If the file system has a large number of files (say 500,000), it is impractical to examine the permissions on each file using file manager. Somarsoft DumpAcl produces a report of permissions which groups files and directories with the same permissions, so the report of file system permissions is much shorter. Permissions are only shown for the root directory and files and directories below the root whose permissions differ from those of the root. If all files and directories have the same permissions, a report of permissions consists of a single item.
One of common ways for files to get "wrong" permissions is due to differences between the way permissions are treated when copying versus moving a file. Copying a file causes the file to inherit permissions from the directory into which the file is copied. Moving a file preserves existing permissions on the file. So, a user might create a file in a temporary directory whose initial permissions give Everyone full control. This user then decides to add some data to the file that they don't want other users to change. So they move the file to a directory where only they have write permission. However, the file will still have the original permissions, giving Everyone write permission. If the user had copied the file and then deleted the original, the file would have the same permissions as the directory. The Somarsoft DumpAcl report makes it very easy to spot files with "wrong" permissions.
NT programs use remote procedure calls (RPCs) to allow various system services to be performed on a remote computer (i.e. a computer other than the local computer where the program is executing). For example, the ability to modify the registry on remote computers is implemented using remote procedure calls.
There are mechanisms in NT for the RPC server to learn the username of the RPC client and then to limit the functions it will perform based on that username. However, as shown too many times in this document, there is a big difference between having good security mechanisms and having good security. If the RPC server ignores the username or incorrectly gives too many capabilities to the Everyone account or whatever, then there is a security hole. Since this whole aspect of NT seems poorly documented, there is really no telling how many security holes there are in this area.
Many users have asked how to secure a shared workstation so users cannot do any damage to the machine. For example, a workstation in a computer lab at a university. As described above, there is no way to secure the registry. The file system can be secured by setting the entire drive to the following permissions:
SYSTEM full control Administrators full control Everyone or Users read only
Permissions should then be reset on the %SYSTEMROOT%\SYSTEM32\CONFIG dirctory as follows:
SYSTEM full control Administrators full control CREATOR OWNER full control Everyone or Users add permission only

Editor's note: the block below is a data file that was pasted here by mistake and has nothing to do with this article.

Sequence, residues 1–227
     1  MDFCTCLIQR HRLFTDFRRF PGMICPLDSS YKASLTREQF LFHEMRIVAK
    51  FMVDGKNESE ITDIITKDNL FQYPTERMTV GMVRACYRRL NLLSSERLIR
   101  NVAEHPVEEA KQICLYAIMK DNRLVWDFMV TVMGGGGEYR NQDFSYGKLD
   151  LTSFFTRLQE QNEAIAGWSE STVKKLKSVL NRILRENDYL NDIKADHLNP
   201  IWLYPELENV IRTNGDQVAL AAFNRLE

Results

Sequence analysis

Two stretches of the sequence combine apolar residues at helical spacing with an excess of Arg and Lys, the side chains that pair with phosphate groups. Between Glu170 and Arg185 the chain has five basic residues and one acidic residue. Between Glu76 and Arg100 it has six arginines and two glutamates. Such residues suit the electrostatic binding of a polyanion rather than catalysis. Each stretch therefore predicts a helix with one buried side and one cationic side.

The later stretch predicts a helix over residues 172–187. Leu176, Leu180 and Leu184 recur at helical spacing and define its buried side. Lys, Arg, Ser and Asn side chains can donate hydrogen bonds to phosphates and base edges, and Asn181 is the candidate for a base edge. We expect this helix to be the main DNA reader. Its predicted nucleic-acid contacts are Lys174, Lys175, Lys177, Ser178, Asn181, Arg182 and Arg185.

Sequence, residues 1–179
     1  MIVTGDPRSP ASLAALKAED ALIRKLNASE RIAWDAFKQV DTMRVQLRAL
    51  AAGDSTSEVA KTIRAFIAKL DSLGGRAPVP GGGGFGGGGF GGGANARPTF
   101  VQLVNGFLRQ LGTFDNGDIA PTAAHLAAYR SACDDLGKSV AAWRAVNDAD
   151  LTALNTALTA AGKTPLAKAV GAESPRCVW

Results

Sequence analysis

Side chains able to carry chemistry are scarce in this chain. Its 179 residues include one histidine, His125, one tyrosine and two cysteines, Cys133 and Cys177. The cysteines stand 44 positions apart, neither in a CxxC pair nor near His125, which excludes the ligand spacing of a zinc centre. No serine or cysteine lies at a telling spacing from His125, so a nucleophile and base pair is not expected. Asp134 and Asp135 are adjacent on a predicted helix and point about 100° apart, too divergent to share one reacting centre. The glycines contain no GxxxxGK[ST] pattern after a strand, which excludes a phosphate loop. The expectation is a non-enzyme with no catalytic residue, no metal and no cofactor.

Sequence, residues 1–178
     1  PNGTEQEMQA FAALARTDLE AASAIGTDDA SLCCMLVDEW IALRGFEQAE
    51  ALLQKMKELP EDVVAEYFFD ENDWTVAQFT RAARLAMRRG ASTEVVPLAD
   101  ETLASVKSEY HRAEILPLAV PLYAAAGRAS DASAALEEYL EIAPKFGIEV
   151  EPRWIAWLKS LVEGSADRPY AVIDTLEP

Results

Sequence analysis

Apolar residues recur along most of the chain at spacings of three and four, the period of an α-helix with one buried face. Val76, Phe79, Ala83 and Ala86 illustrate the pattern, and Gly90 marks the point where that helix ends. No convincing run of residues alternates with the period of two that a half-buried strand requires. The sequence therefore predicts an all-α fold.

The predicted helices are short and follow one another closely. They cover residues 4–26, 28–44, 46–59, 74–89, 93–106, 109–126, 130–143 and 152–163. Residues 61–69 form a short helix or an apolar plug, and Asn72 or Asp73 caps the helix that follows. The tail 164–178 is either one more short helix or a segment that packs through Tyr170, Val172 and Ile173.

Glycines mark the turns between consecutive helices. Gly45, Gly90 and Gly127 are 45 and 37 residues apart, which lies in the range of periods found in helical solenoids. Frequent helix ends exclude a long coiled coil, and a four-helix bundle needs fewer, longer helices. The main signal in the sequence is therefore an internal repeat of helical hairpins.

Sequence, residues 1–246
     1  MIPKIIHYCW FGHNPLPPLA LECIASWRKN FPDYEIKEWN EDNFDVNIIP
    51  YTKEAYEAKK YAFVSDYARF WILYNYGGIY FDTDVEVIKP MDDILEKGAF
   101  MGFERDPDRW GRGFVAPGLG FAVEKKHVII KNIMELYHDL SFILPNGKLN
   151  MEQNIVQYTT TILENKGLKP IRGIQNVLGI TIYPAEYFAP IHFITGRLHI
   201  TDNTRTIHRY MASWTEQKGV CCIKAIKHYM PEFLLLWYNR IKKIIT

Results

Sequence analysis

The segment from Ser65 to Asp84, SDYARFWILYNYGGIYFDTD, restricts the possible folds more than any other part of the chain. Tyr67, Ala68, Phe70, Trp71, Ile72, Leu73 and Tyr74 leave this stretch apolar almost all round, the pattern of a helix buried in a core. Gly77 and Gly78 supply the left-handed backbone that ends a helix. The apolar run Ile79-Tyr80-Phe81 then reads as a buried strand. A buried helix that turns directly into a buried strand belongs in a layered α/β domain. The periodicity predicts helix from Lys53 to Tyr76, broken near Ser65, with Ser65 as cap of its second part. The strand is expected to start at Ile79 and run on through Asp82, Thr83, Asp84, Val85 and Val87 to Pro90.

These settings allow users to create a profile, but prevent them from reading other users profiles, to avoid the security issues described in the section on Profiles contain sensitive information.
Permissions should also be reset on the TEMP directory (C:\TEMP or whatever) as follows:
SYSTEM full control Administrators full control CREATOR OWNER full control Everyone or Users add permission only
These settings allows users to use the TEMP directory, but avoid problems with users being able to read temporary files containing sensitive information that were created (and never deleted) by other users. Even if user remove files with sensitive information from the temporary directory, there is the issue of permissions being retained when a file is moved instead of copied (discussed in the section on Permissions set improperly). So the permissions on the TEMP directory should be set so initial permissions on a file are restrictive. Users can later make the file world-readable if they want to.
There are other files and directories to which users of a shared workstation may need write access:
The above list is not all-inclusive. You can enable failure auditing on all files and then examine the audit logs after making the most of the file system read-only to determine what files users need write access to. You can also use the Somarsoft DumpAcl program to dump and print file permissions prior to making any changes.
A WinWord document can contain a macro which runs when the file is opened. These macros can perform very powerful operations, including file i/o, sending mail or calling Win32 services. So a malicous user might ask another, unsuspecting user to read a document the first user wrote. This document contains a WordBasic macro which runs when the document is opened. The macro copies all files from the unsuspecting user's personal directories to a directory to which both users have read and write permission. The macro then sends mail to the malicious user notifying them of what happened. The document may take a while to start up, but the unsuspecting user assumes this is because the document is long. The malicous user later deletes the WordBasic macro from the document and notifies the unsuspecting user to replace any copy they made, so that all potentially incriminating evidence is destroyed.